An omission

What someone doesn’t say can be as significant as what they do say; more generally, a topic that someone doesn’t talk about can be as significant as the topics that they do.

So I don’t know quite what to make of a passage from a NYT op-ed column by Thomas T. Cullen (U.S. attormey for the Western District of Virginia), on-line yesterday under the title “The Grave Threats of White Supremacy and Far-Right Extremism: Hate crimes are on the rise. Police and prosecutors need better tools to fight back.” and in print today under the title “Rising Far-Right Extremism in America: Police and prosecutors need better tools to fight back”, about the case of Coast Guard Lt. Christopher Hasson, arrested last week and accused of plotting to assassinate Democratic members of Congress, prominent television journalists, and others. The passage:

In 2009, Congress took an important step in arming federal investigators to deal with hate crimes by passing the Matthew Shepard and James Byrd, Jr., Hate Crimes Prevention Act. This law makes it possible to prosecute as hate crimes violent acts committed against victims because of their race, color, national origin, religion, gender, gender identity or disability. The law provides stringent maximum penalties, including life imprisonment, if someone is killed during a hate crime.

The omission in the bold-faced clause is sexual orientation, which is specifically listed in the Shepard/Byrd law — as a result of the savage murder of Shepard in 1998 because of his sexual orientation.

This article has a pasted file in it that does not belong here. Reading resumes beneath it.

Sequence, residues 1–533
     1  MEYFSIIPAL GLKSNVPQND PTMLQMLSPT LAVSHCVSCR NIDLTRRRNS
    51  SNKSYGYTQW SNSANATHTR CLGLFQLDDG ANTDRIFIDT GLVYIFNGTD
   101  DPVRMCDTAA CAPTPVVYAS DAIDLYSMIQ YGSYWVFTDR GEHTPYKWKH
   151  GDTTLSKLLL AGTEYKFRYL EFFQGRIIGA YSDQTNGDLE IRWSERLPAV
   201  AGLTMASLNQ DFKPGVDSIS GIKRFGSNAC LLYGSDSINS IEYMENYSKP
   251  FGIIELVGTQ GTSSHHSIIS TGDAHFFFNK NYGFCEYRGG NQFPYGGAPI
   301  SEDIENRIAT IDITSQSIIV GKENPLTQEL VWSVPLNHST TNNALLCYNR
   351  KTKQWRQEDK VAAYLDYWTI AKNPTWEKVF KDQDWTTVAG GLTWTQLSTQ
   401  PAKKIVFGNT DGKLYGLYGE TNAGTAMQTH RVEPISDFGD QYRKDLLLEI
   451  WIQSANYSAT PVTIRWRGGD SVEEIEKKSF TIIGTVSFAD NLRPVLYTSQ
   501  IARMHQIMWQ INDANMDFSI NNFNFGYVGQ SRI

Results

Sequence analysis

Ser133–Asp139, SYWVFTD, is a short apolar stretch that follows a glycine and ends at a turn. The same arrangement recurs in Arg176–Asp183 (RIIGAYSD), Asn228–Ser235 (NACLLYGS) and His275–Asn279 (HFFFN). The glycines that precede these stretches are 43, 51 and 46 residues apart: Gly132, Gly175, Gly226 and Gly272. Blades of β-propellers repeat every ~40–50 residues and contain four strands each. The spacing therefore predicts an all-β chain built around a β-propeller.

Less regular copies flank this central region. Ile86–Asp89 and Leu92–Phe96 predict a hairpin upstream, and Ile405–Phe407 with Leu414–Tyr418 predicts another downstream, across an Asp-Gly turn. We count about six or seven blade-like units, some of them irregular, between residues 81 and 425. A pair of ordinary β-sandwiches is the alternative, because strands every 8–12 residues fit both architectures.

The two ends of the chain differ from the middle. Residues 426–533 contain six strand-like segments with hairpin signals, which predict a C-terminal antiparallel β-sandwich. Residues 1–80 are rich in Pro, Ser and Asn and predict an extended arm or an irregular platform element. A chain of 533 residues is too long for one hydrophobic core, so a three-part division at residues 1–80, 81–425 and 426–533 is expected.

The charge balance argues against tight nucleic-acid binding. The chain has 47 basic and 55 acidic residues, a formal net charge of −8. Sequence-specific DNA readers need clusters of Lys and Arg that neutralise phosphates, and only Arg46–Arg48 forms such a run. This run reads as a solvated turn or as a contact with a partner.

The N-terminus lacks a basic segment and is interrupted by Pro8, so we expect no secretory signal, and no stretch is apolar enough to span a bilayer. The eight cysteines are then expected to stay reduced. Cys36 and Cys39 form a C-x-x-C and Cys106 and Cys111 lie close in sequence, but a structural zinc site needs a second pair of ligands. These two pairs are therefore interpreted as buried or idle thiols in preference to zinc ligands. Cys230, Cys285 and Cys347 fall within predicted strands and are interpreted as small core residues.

Neither sexuality nor sexual orientation occurs in Cullen’s text. In fact, Shepard/Byrd is the only relevant federal legislation that mentions this status; otherwise, hate crimes laws in the domain of  sexuality are a state (or local) matter. So its omission in a paragraph on Shepard/Byrd is startling.

That could be an inadvertent error on the part of Cullen, his staff, and the relevant NYT staff; somehow, it got past all of them. The things that are new in Shepard/Byrd are the qualifiers actual or perceived on gender, plus sexual orientation, gender identity, and disability; somehow, gender identity survived in the NYT text, but sexual orientation did not.

But it could be that sexual orientation was omitted from the NYT text on purpose, to draw attention away from homosexuality, which might be seen as a red flag for many and a distraction from the main topic of Cullen’s piece. That wouldn’t be entirely astonishing: after all, it looks like Byrd was included in the name of the Shepard/Byrd act to gain support for the act, support unlikely to be extended to a piece of legislation framed primarily in terms of sexual orientation — even though Byrd, as a black man (also savagely murdered in 1998) was already covered under the race and color categories in earlier federal hate crimes legislation (specifically, the 1968 Civil Rights Act).

(Cullen’s stance in the matter of hate crimes categories is unclear. For what it’s worth, he was put forward for his current position by Virginia Senators Mark Warner and Tim Kaine (both Democrats) and then appointed by President [REDACTED].)

The victims. Lest we forget.

(Warning: I find these brief descriptions and images painful to take, and you might not want to subject yourself to them.)

From the Wikipedia entry on Shepard, a young gay man:

On the night of October 6, 1998, Shepard was approached by Aaron McKinney and Russell Henderson at the Fireside Lounge in Laramie [Wyoming]; all three men were in their early 20s. McKinney and Henderson decided to give Shepard a ride home.

They subsequently drove to a remote, rural area, and proceeded to rob, pistol-whip, and torture Shepard, tie him to a fence, set him afire and left him to die.

Shephard hanging on the fence, in Richard Taddei’s “Morning in America – The death of Matthew Shepard”, gouache on paper, 1998:


And a capsule account of the incomprehensibly vicious murder of James Byrd, Jr.:


One Response to “An omission”

  1. [BLOG] Some Wednesday links | A Bit More Detail Says:

    […] Zwicky notes the telling omission of sexual orientation as a protected category re: hate […]

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